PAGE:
Another number lenders look at to determine your creditworthiness is your credit score. A perfect credit score is 850, and any score over 740 is considered to be great, but you don’t need to fall in this range to be approved for a loan.

You can “absolutely” get a mortgage, Helling says, “as long as your credit is above 580—the cutoff for most loans—and you have enough money left over to make the mortgage payments and the debt payments.”

If your credit score falls below 700, lenders will start to question whether you’re a risky investment as a potential borrower, and getting a mortgage will be more challenging. But, if your score is above 580, there’s still hope in the form of an FHA loan or another type of conventional loan. The FHA requires a minimum 580 credit score (and other requirements) to qualify. Having a poor credit score means you’ll probably be required to pay PMI, but the benefits of owning a home will far outweigh the negatives.

5. A starter home (if not a forever home) is within reach

Some first-time home buyers make the false assumption that the first home they invest in needs to be their forever home. But don’t let that idea deter you from purchasing a modest starter home, even if you soon outgrow your new digs.

After a few years of homeownership, you will hopefully start to build equity, either through an increase in your property’s value or by reducing your debt. Then, when your family expands and you need to buy a bigger house, you will have a quantifiable asset that you can use on your next property purchase.

What you shouldn’t do is buy a house that you can’t yet fill, hoping that your lifestyle later catches up. That can be a recipe for disaster.

“Never buy outside your means,” Helling says. “Don’t buy a home you can’t afford, under the assumption that a promotion you expect in a few years will eventually pay the mortgage.”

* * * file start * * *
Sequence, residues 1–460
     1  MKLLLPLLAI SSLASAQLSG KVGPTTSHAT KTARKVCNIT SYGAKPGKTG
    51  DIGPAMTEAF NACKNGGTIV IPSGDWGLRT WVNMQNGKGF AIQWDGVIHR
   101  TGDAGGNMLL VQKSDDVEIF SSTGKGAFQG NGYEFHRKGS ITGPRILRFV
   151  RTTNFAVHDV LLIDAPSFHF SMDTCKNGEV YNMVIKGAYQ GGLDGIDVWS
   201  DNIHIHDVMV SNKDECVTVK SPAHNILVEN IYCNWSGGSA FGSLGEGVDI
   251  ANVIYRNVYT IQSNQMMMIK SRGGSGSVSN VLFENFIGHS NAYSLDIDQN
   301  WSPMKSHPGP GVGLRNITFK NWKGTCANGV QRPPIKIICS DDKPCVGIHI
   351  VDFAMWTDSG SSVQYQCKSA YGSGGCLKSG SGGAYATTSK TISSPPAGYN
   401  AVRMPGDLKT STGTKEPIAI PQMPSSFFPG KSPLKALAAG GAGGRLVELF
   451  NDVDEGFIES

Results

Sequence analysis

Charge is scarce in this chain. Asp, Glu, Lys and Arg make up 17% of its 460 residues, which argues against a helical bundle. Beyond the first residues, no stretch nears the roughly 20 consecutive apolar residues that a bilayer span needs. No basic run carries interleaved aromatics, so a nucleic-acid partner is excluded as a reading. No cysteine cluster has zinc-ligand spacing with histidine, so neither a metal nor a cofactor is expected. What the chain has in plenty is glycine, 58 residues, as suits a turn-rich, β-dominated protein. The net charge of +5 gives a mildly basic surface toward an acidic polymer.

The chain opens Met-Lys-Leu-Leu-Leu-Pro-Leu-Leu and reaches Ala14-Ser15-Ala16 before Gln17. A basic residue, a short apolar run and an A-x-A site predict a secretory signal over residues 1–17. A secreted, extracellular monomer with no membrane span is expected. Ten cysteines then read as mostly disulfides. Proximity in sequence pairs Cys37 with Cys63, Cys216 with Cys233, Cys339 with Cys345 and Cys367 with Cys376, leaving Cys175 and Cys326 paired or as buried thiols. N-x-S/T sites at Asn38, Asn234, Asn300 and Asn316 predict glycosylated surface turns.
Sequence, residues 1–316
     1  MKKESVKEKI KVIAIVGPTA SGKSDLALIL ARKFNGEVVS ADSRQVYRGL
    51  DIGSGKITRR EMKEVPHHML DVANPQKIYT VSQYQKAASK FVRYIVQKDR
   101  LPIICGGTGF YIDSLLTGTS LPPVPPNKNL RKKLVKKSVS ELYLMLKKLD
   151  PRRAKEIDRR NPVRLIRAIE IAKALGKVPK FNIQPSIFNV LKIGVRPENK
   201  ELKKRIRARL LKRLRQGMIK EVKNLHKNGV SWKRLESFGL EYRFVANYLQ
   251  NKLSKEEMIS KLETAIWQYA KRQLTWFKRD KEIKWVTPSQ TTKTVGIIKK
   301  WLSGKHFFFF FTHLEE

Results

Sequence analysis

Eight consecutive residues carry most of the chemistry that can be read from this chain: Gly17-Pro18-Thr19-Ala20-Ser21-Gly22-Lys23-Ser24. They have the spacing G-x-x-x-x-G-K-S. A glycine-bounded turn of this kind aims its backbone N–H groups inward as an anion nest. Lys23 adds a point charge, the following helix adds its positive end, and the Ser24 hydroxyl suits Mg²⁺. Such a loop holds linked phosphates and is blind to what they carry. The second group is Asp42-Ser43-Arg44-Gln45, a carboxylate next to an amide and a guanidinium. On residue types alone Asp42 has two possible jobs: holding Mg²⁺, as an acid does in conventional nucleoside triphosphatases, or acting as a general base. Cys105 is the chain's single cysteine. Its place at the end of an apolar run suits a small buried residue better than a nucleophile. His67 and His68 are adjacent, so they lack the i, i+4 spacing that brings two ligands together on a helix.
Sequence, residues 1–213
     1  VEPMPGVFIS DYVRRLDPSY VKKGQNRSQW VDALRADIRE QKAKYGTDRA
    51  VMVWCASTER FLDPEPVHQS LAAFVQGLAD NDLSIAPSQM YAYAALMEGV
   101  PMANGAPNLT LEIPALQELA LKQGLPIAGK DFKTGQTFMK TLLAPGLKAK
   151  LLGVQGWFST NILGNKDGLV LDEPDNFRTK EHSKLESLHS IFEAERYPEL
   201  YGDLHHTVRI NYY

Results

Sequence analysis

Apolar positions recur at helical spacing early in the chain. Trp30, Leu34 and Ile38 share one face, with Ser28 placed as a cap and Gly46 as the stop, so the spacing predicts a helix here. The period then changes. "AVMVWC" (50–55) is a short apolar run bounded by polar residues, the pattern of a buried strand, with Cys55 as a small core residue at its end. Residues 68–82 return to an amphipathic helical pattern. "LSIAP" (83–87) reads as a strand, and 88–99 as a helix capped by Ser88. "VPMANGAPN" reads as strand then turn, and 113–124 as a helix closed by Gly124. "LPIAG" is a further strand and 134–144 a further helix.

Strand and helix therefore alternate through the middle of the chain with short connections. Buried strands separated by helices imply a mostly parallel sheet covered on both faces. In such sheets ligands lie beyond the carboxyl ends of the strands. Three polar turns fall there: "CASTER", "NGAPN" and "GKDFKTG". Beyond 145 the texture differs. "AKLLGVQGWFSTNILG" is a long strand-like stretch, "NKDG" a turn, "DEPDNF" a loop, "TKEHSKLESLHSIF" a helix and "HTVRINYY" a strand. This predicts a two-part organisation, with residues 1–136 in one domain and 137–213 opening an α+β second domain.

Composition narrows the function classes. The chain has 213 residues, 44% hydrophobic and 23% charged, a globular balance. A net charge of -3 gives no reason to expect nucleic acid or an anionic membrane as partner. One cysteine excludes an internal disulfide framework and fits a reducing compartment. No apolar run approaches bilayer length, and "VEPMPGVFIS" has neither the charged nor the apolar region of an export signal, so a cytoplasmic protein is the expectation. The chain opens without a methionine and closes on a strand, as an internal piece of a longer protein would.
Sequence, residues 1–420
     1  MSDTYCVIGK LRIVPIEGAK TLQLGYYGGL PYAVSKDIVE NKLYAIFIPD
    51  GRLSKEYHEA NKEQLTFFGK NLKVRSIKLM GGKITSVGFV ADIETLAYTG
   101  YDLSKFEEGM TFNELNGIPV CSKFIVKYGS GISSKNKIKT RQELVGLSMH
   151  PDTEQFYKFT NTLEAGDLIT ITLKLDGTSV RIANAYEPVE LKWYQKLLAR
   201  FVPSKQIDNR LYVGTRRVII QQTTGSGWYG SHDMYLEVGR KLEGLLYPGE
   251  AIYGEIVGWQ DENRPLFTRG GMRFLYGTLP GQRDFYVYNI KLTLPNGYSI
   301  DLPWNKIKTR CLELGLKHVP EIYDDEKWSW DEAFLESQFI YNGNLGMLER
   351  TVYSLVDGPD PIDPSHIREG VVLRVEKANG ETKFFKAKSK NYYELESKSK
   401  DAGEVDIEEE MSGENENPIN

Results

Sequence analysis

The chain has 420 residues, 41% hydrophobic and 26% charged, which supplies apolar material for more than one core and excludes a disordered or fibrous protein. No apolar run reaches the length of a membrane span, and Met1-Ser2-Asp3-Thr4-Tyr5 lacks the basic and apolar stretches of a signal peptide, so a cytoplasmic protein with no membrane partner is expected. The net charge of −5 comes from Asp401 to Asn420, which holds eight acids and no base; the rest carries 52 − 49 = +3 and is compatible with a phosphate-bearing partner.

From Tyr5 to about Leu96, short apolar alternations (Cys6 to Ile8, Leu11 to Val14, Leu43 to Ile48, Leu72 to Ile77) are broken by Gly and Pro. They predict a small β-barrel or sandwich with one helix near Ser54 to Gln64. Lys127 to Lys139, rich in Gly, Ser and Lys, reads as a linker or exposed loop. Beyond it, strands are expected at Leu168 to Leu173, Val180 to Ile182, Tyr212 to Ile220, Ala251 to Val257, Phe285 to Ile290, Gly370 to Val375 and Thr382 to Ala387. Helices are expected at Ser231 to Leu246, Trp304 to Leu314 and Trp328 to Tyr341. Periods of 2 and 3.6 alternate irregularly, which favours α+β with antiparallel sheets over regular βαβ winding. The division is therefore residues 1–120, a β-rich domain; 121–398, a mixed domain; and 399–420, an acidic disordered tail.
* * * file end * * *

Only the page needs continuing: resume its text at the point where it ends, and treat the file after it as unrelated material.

The post 5 Indications That You Could, in Fact, Afford to Buy a House Now appeared first on Real Estate News & Insights | realtor.com®.

‘Can I Refinance While Buying a Second Home?’ Here Are the Mortgage Rules

April 3, 2019

Can I Refinance While Buying a Second Home?’ Here Are the Mortgage Rules

relif/iStock

As a buyer and a seller, you may be asking, “Can I refinance while buying a second home?” Maybe you’ve found a property that will be a killer investment at a bargain price. Or perhaps the beach cottage you’ve had your eye on for years just came on the market.

Whatever the reason, if you’re considering applying for another loan while refinancing your current home, the process can be a bit complicated. To give you the full picture, we consulted mortgage experts and broke down the rules.

‘Can I refinance an existing mortgage while buying a second home?’

There’s nothing wrong with refinancing one mortgage at the same time that you are buying an investment property or second home with a mortgage, according to Andrew Weinberg, principal and licensed mortgage broker at Silver Fin Capital Group, in Great Neck, NY.

The key factor to making both the refinance and new purchase work is to ensure you will qualify for the new home loan.

“This means taking into account your current home payment,” says Ralph DiBugnara, president of New York’s Home Qualified and vice president at Cardinal Financial. A mortgage bank can very easily tell you the total payments and loan amounts you’ll be able to carry based on your current income.

In some cases, you may even have to refinance to reduce your current mortgage payment to qualify for the new loan. Or you may need to cash out funds from the refinance to come up with the down payment on the new property.

The only ironclad rule is that you can’t refinance a primary residence while applying for a mortgage on a new primary residence.

Consider working with one lender for both mortgages

The benefit of doing both loans—refinancing and obtaining a new mortgage—is that you can deal with a single loan officer and provide most of your documents (e.g., tax returns, W-2s, pay stubs, bank statements, etc.) only once.

You can also optimize your loan balances and your monthly payment to a degree by doing both loans with the same lender, says DiBugnara.

If you need to work with two different lenders, both need to be aware of the other loan.

When refinancing and buying at the same time isn’t a good idea

You shouldn’t refinance a home you intend to sell in the next six months or so because it’s not cost-efficient.

“The closing costs don’t vary because you intend to pay off your loan in a short period of time,” says Weinberg.

Additionally, most refinances have a clause stating the borrower must stay in the home for at least one year. This means you cannot refinance a primary residence, close on a second home, and then immediately move into it permanently.

The differences between an investment and second home

When applying for your second mortgage, your lender will take into account how you plan on using the property. So it makes a difference if the second home is for investment purposes or is a vacation home for personal use.